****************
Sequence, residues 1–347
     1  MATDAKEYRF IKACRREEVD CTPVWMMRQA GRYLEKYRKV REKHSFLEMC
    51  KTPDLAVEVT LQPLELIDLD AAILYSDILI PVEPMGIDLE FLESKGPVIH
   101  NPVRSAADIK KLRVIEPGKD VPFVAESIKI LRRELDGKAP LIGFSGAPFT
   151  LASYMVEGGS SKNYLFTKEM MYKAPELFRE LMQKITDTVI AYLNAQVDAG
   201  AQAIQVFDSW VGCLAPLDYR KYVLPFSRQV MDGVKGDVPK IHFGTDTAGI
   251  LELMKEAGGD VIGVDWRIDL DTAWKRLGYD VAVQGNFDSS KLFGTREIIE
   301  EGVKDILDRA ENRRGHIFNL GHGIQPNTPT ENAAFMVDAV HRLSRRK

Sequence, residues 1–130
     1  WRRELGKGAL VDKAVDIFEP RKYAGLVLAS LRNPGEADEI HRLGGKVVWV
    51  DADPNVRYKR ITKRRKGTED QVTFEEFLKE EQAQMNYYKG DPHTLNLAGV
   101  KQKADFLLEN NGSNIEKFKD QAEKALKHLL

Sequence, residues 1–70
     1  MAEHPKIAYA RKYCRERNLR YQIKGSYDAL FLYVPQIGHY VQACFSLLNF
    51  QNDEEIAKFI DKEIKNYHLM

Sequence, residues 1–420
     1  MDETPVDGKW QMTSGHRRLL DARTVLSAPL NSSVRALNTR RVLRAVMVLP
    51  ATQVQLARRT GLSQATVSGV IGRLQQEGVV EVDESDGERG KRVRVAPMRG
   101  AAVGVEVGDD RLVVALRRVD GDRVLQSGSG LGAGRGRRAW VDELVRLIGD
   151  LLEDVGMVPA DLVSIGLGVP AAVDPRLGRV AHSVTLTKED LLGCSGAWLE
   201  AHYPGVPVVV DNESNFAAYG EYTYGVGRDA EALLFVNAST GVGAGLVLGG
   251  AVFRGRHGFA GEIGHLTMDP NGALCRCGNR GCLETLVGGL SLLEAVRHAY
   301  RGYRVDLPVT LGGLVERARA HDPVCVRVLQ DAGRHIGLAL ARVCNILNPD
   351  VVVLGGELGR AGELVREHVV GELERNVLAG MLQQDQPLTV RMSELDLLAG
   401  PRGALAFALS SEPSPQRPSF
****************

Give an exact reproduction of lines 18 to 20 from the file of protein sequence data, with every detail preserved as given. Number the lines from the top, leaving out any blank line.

    51  ATQVQLARRT GLSQATVSGV IGRLQQEGVV EVDESDGERG KRVRVAPMRG
   101  AAVGVEVGDD RLVVALRRVD GDRVLQSGSG LGAGRGRRAW VDELVRLIGD
   151  LLEDVGMVPA DLVSIGLGVP AAVDPRLGRV AHSVTLTKED LLGCSGAWLE